“This is because our system makes the tail wag the dog rather than the dog wag the tail. This cannot be in a fountain of legislative authority for executive implementation, and yet they toy with the system.

“We have come to tell you that it is in our view that it is because we have this over-concentration of powers in the federal government contrary to the agreement that our forefathers entered into for the nation called Nigeria. That governance has failed in our country. That economic development has failed.

He called for the revisit of the power development clause that was rejected in ongoing constitution alteration process as promised by the National Assembly, adding that many of Nigeria's problems emanate from the constitution.

“We know that the National Assembly has had debate on devolution of powers and we know, Mr. President, that you did promise the nation that you will have a revisit to this issue.

“We have come to ask you to bring up the revisit. We consider it urgent and inevitable because we believe that all problems we have today in Nigeria emanate from the fact that our constitution is not right for a country constituted by people of diverse culture, diverse religion, diverse political persuasions as our country,” he said.

Responding, Senate president, Bukola Saraki, said the National Assembly is ready to play its role to ensure that the country continues on the path of democracy and growth. He noted that to strengthen democracy, the number one institution Nigerians must defend is the parliament.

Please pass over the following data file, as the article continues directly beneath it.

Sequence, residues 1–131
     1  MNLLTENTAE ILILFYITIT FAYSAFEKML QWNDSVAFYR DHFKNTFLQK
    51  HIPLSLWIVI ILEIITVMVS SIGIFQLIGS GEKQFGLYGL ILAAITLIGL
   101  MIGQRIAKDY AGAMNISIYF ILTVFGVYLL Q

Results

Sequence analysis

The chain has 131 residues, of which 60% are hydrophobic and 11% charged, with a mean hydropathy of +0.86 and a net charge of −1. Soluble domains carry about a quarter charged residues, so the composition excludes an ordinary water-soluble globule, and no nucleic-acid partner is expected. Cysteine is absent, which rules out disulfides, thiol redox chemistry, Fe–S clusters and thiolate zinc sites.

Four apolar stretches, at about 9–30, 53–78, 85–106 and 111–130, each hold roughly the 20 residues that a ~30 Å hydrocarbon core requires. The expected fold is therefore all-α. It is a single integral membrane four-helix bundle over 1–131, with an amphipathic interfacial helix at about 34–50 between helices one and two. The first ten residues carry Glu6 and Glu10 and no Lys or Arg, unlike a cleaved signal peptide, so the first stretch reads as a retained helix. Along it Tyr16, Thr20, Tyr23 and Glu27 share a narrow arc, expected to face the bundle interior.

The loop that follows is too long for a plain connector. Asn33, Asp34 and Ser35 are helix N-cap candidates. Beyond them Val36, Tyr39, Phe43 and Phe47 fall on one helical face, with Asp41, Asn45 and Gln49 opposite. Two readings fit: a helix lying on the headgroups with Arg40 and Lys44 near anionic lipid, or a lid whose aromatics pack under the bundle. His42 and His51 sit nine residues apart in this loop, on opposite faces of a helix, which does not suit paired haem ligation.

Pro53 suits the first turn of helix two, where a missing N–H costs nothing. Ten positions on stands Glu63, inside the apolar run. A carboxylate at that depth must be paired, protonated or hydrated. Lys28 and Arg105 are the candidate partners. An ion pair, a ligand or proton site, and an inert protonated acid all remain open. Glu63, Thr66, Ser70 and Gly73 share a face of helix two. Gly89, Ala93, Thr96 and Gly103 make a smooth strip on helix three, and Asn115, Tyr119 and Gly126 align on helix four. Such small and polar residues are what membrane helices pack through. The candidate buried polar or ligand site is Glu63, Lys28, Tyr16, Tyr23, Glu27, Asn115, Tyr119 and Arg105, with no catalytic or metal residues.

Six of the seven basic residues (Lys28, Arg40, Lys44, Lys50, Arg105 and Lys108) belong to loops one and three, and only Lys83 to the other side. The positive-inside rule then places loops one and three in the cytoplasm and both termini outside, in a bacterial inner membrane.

He said the 8th National Assembly has been working hard to create enabling environment that will attract investors and that the federal legislature would continue along that line.

On the call to revisit clauses that were rejected during the ongoing constitution review process, Saraki said the National Assembly is ready to reconsider the clauses and that it would do so after the passage of the 2018 budget.

Other members of the delegation were former vice president; Chief Olu Falae, former Akwa Ibom state governor, Obong Victor Attah, respected Afenifere chieftain; Chief Ayo Adebanjo and former governor of old Anambra state; Dr. Chukwuemeka Ezeife.

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Also in the delegation are Air Vice Marshal Irangate Idongesit, Senator Stella Omu, Professor Banjo Akintoye, Mr. Yinka Odumakin, Professor Chigozie Ogbu, Professor Ihechukwuma Maduke, Senator Basset Henshaw, Air Commodore Dan Suleiman (rtd), Mr. Alfred Mulade, His Highness Anaba Saraigbe and Lady Maryam Yunusa.

Meanwhile, the Forum of United Nigerians Against Divisive Elements (FUNADE) has reacted to a message shared on social media pages, alleging that President Muhammadu Buhari is a jihadist or is in support of herdsmen killings across the country.

In a statement sent to on Wednesday, May 2, the group's national secretary, Arikpo Essien, said the message is misleading and aimed at causing disaffection among Nigerians.

FUNADE was of the opinion that it is either the message is from politicians masquerading as concerned Christians or from a truly misinformed concerned person.